Mona Mae Adams, loving mother and grandmother, passed away peacefully on April 15, 2010, surrounded by members of her family. Mona was born in 1916 in Hammon, Oklahoma. Her father was a farmer, oil field worker, and owned a general store and trucking company. She married Walter Kauk and they relocated to Portland, Oregon in 1936. She had always wanted to come to Portland Oregon. When she was 12 years old, she read about Portland in her social studies book and astonished her teacher by saying she was going to live there some day. She and her husband Walt drove with her mother, Mona Gaither, in a Model A, loaded to the top. They were...
Mona Mae Adams, loving mother and grandmother, passed away peacefully on April 15, 2010, surrounded by members of her family.
Mona was born in 1916 in Hammon, Oklahoma. Her father was a farmer, oil field worker, and owned a general store and trucking company. She married Walter Kauk and they relocated to Portland, Oregon in 1936. She had always wanted to come to Portland Oregon. When she was 12 years old, she read about Portland in her social studies book and astonished her teacher by saying she was going to live there some day. She and her husband Walt drove with her mother, Mona Gaither, in a Model A, loaded to the top. They were traveling over the mountains and were delighted to come to a clear stream, which they'd never seen before. They came into Portland on #99 and as they approached town, she said, "I'm home!" She always loved the natural beauty of the northwest and would praise the region to anyone who would listen.
She and Walter moved eventually to St. Johns and had two sons, LaMar and Larry. She helped run a service station/garage for several years. (They lived in a house that is a few blocks from where her grandson lives now.) She loved to sew and sewed all her own clothes in the latest fashion. She took a bookkeeping course so she could keep books for the garage.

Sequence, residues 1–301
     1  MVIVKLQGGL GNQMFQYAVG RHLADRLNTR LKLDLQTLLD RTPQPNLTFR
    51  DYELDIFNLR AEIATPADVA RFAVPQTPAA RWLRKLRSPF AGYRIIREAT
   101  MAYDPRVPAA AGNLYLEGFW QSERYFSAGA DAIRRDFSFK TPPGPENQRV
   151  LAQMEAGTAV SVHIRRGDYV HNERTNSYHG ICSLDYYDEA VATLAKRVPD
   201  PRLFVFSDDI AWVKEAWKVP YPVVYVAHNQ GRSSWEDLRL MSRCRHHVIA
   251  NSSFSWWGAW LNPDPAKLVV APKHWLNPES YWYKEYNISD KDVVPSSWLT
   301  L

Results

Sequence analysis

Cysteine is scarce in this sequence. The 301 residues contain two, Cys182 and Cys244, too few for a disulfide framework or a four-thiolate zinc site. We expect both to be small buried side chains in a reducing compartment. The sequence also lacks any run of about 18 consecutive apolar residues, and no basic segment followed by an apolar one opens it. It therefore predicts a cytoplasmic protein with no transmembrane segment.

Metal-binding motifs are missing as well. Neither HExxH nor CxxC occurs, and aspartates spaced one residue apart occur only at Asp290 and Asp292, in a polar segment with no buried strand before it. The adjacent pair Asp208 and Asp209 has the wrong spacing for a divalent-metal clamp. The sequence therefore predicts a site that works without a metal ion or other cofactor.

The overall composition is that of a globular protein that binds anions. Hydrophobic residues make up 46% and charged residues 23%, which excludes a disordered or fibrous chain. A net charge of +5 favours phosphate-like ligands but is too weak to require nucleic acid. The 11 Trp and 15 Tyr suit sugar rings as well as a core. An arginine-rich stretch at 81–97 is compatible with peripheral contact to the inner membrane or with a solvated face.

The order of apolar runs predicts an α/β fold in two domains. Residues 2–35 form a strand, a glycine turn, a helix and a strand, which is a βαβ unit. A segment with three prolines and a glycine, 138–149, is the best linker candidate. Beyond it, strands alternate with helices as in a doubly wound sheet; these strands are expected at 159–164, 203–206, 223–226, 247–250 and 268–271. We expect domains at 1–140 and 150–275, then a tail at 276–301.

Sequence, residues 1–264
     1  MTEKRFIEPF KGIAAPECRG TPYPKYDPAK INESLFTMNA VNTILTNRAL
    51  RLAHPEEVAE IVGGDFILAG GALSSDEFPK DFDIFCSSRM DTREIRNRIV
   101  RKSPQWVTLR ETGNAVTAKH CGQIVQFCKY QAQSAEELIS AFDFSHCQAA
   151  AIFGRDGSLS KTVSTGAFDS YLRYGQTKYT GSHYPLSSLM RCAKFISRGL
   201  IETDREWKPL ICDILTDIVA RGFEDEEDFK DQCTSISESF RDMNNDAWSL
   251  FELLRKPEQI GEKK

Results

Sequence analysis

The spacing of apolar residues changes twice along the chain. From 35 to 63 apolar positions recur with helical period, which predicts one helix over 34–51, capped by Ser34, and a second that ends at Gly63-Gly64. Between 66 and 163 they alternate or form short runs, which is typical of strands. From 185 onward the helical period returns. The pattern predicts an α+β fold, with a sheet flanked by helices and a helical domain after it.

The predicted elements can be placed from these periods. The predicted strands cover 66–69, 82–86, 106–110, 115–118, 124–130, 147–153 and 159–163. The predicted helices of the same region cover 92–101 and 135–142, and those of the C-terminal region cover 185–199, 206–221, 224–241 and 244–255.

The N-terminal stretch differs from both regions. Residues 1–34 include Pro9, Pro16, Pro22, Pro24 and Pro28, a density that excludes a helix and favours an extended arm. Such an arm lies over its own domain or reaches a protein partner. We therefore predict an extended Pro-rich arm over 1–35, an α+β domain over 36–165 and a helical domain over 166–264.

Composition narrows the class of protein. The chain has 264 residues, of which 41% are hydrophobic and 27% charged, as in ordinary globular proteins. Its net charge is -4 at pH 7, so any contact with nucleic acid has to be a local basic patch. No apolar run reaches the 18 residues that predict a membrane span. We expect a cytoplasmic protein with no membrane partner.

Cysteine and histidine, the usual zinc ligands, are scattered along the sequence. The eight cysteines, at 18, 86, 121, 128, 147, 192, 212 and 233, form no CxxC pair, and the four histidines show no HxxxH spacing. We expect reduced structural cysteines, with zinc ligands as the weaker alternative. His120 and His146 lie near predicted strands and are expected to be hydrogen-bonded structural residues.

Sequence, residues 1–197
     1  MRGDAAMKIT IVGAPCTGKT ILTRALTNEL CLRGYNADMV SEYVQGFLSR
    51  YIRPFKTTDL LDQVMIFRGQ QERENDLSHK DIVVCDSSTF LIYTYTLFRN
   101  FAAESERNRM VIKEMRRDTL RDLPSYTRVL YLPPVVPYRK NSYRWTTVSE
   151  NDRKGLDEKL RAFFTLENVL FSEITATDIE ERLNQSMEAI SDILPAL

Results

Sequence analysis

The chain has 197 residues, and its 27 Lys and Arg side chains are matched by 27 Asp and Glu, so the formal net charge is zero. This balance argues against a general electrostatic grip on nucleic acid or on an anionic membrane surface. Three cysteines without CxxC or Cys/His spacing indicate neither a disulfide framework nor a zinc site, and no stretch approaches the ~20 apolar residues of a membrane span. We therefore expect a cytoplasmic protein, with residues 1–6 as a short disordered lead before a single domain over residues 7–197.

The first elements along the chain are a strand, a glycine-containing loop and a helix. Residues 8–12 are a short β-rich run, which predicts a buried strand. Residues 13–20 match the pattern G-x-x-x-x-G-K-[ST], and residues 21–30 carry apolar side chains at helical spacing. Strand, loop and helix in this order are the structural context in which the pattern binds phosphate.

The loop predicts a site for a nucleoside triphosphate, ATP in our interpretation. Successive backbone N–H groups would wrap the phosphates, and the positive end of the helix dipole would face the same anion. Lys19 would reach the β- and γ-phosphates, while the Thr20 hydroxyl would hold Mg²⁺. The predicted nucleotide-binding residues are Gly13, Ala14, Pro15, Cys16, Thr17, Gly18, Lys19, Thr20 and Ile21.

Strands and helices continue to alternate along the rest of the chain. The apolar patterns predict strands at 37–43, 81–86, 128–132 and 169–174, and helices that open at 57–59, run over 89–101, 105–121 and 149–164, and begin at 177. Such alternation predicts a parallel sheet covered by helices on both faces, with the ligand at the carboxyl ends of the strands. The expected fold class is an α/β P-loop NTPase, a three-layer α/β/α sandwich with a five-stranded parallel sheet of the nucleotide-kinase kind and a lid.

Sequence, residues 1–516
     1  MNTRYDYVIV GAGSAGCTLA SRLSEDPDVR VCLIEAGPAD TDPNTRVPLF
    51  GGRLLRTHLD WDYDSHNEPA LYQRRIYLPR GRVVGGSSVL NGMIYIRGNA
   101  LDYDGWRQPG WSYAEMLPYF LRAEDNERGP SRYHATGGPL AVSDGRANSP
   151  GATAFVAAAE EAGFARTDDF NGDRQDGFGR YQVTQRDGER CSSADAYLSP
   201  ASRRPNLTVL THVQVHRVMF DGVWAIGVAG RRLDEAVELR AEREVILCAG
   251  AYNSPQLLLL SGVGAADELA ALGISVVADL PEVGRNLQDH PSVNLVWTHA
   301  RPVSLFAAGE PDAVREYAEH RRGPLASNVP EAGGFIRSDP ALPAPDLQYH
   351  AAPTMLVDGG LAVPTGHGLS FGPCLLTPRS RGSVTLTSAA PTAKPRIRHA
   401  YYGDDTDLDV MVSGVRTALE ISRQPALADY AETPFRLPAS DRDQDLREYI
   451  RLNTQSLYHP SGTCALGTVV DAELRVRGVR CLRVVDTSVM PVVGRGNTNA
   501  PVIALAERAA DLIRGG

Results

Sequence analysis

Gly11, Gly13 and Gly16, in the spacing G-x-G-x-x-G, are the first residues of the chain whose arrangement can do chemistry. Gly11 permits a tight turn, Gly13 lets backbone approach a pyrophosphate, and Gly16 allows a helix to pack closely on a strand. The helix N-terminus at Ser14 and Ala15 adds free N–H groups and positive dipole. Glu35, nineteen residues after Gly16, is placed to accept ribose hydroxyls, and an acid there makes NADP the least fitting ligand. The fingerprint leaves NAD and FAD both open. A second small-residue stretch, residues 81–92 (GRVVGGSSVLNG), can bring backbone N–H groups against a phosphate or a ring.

In 1946 she married Albert Adams, to whom she was married for nearly 50 years. They moved to an acreage in Gresham, with berry fields on either side and a wooded hill behind. They had two more children, Beverly and Stan, and raised the four children "in the country". They also brought Donna into their family. Mona loved to garden and cook for her family and they had fruit trees and vegetable garden, tended by Albert and her sons. She also dabbled in oil painting and became certified to teach Chinese cooking; she taught 5 provinces of Chinese cooking at Mt. Hood Community College and taught many others, including Girl Scouts and student groups.
For a couple years, Mona and Al lived in Bend and eastern Oregon while Al installed electrical substations. Mona would drive around during the day and get to know the people and history and sights of the area, gathering new friends as she went.
In 1975 the couple moved to Honolulu, Hawaii for a couple years while Al worked on an electrical installation. They made new friends and had many delighted visitors. When they returned, they moved from Gresham to Beaverton, where Al made a beautiful home for them, complete with his rose garden and her vegetable garden.
They traveled in their retirement all over the country, going to nearly every state in the union, including visits to relatives in New York and their good friends in Alaska. They went on an RV tour in Mexico and took a trip to Australia.